Well England brought shag all home! A few weekends ago, British retailer Marks & Spencer reported that sales of waistcoats had increased by 35 per cent thanks to the so-called “Gareth Southgate effect”. It’s an extraordinary statistic in an age of plummeting high street profits that suggests that men everywhere really, really likes the England manager’s new style.
Want to follow suit? Here’s our to help you get the Southgate look, plus the dos and don’ts of wearing a waistcoat yourself.
Wear it as part of a three-piece suit
The primary function of a waistcoat is to provide both a sense of depth and formality to an outfit. The best way to wear a waistcoat, therefore, is under the jacket of a suit. Look to British tailoring house Thom Sweeney and one of its beautifully cut three-piece suits (teamed with a trademark scoop-neck waistcoat) for inspiration. We are a BIG fan of a scoop waistcoat, I wore one for my wedding!
DON’T ever wear one with jeans
Less dad at a party, more ex-primary school teacher with an ankle monitor. Avoid. We all have that friend that wears super tight jeans, short sleeve shirt and a shaggin waistcoat – it looks ridiculous. Don’t do it!
DO opt for a knitted waistcoat
Somewhere between a waistcoat and a gilet, a knitted button-up jerkin will add some textural interest to a more casual outfit and is a good option if you want to look smart, but not too smart. Wear with some smart pleated trousers in a tonal shade, a deconstructed blazer that matches your trousers and a granddad shirt in a light hue. Adding texture to an outfit is the perfect way to add depth.Whether that’s a knit tie, wool pocket square or nice waistcoat.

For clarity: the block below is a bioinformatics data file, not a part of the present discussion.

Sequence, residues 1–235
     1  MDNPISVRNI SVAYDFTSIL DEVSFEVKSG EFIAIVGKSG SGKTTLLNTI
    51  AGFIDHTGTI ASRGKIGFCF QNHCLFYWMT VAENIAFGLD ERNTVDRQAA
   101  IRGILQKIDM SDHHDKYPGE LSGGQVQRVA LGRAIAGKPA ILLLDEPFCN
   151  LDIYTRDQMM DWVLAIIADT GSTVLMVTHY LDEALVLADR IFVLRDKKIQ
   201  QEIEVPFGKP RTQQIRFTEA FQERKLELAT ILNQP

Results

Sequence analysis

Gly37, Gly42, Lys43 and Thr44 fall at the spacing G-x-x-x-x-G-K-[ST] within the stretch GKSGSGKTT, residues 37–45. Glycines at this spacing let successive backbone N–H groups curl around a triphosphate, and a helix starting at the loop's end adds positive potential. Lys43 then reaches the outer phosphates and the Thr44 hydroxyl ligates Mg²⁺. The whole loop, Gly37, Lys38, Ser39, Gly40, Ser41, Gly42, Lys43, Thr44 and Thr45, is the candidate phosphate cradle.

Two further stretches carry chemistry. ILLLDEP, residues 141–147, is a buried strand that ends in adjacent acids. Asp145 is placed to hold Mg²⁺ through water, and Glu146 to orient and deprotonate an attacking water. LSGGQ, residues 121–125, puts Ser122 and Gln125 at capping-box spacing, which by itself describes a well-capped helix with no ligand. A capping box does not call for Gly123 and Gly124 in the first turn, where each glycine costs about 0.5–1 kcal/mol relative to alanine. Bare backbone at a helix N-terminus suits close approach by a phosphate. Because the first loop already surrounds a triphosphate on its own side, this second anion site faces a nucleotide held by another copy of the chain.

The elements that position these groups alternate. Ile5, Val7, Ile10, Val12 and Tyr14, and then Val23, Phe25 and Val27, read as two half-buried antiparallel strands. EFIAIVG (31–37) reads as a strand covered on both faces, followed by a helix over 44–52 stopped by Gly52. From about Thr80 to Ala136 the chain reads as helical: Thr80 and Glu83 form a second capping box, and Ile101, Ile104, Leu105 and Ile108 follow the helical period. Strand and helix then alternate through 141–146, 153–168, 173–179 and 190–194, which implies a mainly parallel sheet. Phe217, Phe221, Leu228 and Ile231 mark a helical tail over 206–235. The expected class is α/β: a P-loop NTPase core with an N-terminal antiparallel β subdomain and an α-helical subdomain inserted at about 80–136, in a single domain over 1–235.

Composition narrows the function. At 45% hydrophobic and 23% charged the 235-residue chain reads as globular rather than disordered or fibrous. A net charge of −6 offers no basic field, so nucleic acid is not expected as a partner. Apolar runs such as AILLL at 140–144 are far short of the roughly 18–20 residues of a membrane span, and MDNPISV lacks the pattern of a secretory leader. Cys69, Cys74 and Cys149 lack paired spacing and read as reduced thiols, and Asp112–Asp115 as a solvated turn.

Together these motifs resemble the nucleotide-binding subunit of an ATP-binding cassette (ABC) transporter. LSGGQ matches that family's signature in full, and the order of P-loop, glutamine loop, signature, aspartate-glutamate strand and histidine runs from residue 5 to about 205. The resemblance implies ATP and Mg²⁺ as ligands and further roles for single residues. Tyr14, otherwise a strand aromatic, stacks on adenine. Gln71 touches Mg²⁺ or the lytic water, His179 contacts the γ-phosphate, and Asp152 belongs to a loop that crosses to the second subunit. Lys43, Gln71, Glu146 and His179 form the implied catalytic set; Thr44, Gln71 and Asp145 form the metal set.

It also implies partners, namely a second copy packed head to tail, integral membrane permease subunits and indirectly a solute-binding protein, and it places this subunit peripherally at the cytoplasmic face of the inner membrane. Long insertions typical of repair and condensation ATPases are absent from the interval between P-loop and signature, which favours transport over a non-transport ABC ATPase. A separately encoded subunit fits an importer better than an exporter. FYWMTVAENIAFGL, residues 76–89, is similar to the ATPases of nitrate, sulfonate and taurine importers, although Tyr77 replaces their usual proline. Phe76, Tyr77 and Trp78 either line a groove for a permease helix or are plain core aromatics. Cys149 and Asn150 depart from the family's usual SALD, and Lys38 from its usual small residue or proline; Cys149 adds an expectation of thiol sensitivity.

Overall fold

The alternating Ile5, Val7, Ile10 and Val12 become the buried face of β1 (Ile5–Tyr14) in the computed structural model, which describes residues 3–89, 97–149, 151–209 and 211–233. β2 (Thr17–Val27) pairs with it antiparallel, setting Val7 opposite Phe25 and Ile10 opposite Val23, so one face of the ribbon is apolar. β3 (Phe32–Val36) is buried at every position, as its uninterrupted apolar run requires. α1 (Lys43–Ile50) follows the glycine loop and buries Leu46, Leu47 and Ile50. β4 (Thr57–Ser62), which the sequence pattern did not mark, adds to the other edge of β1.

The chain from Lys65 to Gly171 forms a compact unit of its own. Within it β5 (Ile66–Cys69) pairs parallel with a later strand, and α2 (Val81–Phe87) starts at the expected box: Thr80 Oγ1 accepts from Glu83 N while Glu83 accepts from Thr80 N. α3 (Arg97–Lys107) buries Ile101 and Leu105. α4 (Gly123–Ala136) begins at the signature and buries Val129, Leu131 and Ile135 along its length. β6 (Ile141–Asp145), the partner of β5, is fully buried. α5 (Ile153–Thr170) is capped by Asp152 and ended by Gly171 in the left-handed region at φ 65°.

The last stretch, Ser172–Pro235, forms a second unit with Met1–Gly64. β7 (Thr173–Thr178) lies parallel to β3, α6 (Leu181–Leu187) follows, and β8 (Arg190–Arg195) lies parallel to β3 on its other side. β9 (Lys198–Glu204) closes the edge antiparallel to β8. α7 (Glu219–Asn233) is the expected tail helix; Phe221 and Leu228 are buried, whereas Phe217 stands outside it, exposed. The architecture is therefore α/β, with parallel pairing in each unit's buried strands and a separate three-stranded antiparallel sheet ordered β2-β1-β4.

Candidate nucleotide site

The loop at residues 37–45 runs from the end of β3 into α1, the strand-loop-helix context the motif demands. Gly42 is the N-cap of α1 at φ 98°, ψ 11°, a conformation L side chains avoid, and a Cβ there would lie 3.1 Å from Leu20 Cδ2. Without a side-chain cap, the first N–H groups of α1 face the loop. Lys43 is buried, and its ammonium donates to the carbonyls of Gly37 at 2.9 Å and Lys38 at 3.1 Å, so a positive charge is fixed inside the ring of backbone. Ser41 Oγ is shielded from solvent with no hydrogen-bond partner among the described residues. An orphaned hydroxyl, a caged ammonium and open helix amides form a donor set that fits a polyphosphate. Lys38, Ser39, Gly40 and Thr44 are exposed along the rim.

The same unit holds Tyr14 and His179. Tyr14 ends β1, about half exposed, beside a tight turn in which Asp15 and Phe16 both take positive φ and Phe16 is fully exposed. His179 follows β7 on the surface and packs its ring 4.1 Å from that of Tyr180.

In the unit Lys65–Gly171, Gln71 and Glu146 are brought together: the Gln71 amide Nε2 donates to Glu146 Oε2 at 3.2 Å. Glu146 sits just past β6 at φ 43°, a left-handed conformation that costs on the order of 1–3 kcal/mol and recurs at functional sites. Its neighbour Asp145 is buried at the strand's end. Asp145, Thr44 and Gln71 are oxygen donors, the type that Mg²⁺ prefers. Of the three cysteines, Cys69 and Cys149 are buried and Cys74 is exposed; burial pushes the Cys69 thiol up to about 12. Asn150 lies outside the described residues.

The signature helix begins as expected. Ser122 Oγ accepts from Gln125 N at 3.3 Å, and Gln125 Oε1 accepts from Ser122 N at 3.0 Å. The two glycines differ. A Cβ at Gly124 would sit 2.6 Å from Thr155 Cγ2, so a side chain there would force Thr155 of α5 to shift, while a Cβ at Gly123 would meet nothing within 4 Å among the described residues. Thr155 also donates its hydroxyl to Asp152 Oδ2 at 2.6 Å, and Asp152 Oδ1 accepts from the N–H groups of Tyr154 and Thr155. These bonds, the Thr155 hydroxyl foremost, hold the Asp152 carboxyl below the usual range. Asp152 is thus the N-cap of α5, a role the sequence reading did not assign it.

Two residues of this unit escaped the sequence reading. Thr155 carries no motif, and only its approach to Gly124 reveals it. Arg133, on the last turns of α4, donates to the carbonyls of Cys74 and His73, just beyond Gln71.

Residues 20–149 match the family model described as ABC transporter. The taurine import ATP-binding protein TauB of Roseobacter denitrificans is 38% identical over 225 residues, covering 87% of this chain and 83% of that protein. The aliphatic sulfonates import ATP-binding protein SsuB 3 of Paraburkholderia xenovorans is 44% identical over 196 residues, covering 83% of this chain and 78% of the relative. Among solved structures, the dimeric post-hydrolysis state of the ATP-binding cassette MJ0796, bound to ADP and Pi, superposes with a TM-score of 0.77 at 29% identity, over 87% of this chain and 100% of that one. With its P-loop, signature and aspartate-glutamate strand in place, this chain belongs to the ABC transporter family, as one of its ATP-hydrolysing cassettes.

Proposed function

DO wear a double-breasted waistcoat
“I think he looks great – particularly when he’s winning,” says owner of waistcoat specialist Favourbrook, Oliver Spencer, of Gareth Southgate. “If he wanted to smarten the look up a bit I would recommend he switches to a double-breasted waistcoat.” Smart man, that Spencer. A double-breasted waistcoat (though most commonly reserved for morning dress) will create an interesting interplay in the space between a shirt and a single-breasted jacket. A great option for more formal occasions.
DON’T do the bottom button up (of a single breasted waistcoat)
Southgate has a habit of doing up the bottom button of his navy-blue waistcoat, which is a massive no no. Always, always leave the bottom button undone. Always.
DO wear your waistcoat with a proper shirt
Because wearing a waistcoat with a T-shirt is akin to wearing flip flops with a suit. Only worse.
DON’T opt for something too loose (or too tight)
The other, more practical function of a waistcoat is that it will slim down the wearer’s silhouette – a bit like Spanx in suiting fabric. The key to making the best of this, however, is to ensure that your waistcoat is neither too tight, nor too loose. If it’s the former it’ll cling to your lumpy bits, but if it’s the latter it’ll look make you look baggy and boxy.